Spontaneous meditation. I was born knowing how to meditate. Meditation was unknown in my family and not part of my culture so I learned nothing about it. But Leela still found ways to wake me up a little. As a child I made progress with love by meditating spontaneously. As Alan Watts says in that talk, meditation isn't about accomplishing something or getting somewhere. Like music and dance, it is an end in itself. Meditation is deeply enjoying the present moment. Meditation means waking up a little, having success, making progress. It's not a technique, like sitting cross-legged or gazing at a candle. Any technique will do. Whatever it is, it has to be fun, as Alan insists. It has to be joyful, full of love. If I'm doing something that's supposed to be meditation but I find no joy in it, nothing that feels at least a little like falling in love, I'm wasting my precious time.
Louisiana. I had many spontaneous meditations as a child in Louisiana. At age two, I encountered time and death for the first time in the form of a rusty tricycle. At three I had a memorable encounter with nature in the form of stump water. At age four I had a spontaneous meditation with my dad. I was an energetic little boy, always exploring and getting into things, often including trouble. One day I was being rambunctious in church. Of course you can't be rambunctious in church, not a Methodist church. But I did my best, fidgeting in my seat and fiddling with stuff in the back of the pew in front: hymnals, offertory envelopes, and those stubby little pencils. I believe the final straw was dropping a hymnal. That can make quite a noise if it lands just right. My dad had had it. He took me by the hand and marched me out of the church. He cut a long twig off a bush that years later I identified as spirea, and gave my legs a good switching. It was warm, as it usually is in Louisiana, and little boys got to wear shorts to church. I remember examining my legs later that day; the switch marks were little red stripes with fat welts on either side; striking. That switching definitely woke me up. It helped me get over the ridiculous notion of fairness. Life is not fair; never was, never will be.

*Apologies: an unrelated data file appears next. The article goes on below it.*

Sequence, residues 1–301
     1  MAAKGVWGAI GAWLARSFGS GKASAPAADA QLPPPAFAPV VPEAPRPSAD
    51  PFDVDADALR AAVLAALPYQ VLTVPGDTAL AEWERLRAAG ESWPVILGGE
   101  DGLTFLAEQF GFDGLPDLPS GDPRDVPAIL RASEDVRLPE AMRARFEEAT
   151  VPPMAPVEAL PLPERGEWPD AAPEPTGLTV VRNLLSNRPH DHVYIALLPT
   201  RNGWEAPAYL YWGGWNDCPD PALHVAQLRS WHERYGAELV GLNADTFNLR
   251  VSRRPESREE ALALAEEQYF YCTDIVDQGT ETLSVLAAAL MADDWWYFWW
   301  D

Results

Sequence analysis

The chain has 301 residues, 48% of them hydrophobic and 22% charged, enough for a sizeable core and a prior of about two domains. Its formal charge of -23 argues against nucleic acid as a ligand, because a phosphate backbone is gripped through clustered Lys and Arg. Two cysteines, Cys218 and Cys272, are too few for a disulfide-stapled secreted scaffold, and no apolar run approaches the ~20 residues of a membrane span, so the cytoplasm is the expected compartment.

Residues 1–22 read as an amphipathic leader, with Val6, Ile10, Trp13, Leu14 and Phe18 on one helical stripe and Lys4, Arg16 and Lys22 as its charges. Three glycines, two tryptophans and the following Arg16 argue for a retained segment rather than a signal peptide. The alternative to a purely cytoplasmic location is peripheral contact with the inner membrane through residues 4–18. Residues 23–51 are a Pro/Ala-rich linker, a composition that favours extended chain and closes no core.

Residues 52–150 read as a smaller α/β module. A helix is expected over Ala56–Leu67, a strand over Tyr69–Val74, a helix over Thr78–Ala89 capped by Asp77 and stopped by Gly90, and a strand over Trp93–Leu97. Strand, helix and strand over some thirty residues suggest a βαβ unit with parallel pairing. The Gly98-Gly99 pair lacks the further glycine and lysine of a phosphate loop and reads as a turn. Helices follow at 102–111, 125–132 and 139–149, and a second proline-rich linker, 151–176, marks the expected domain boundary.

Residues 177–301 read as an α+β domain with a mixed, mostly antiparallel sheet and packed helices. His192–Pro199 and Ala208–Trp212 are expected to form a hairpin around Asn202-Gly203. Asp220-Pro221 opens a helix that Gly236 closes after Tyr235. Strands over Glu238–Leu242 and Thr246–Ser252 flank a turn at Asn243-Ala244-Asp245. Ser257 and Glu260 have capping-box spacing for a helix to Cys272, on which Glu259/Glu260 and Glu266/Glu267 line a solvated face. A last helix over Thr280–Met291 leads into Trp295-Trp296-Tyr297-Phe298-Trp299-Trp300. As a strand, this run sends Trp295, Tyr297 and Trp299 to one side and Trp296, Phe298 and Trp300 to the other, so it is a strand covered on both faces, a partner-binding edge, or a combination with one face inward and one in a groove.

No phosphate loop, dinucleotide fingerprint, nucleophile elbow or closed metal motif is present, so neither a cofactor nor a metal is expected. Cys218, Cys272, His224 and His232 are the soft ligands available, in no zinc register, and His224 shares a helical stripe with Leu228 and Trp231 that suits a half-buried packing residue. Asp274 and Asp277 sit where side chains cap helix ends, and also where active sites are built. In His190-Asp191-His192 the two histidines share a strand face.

Marianna. Spontaneous meditation faded in Marianna because of my age. Children are open to love and connection until the ugliness of human culture shuts them. And schoolwork. Learning to read and write doesn't fit meditation. It puts words and ideas front and center. Words and ideas are what I have to get over to meditate. It just doesn't work to try and get over something when you're learning it. Words have their uses. You can't have culture and art without them. I was having rich experiences with my dad that prepared me for future meditation. Like hiking to the river. And digging into rooting.
Asheville. In Asheville spontaneous meditation started coming back to me. I'd started integrating words with my nonverbal core by writing poetry and prose vignettes. Thinking and Leela were no longer necessarily at odds. I had many moments of spontaneous meditation during this part of my life. I've written about a number of these world-stoppers: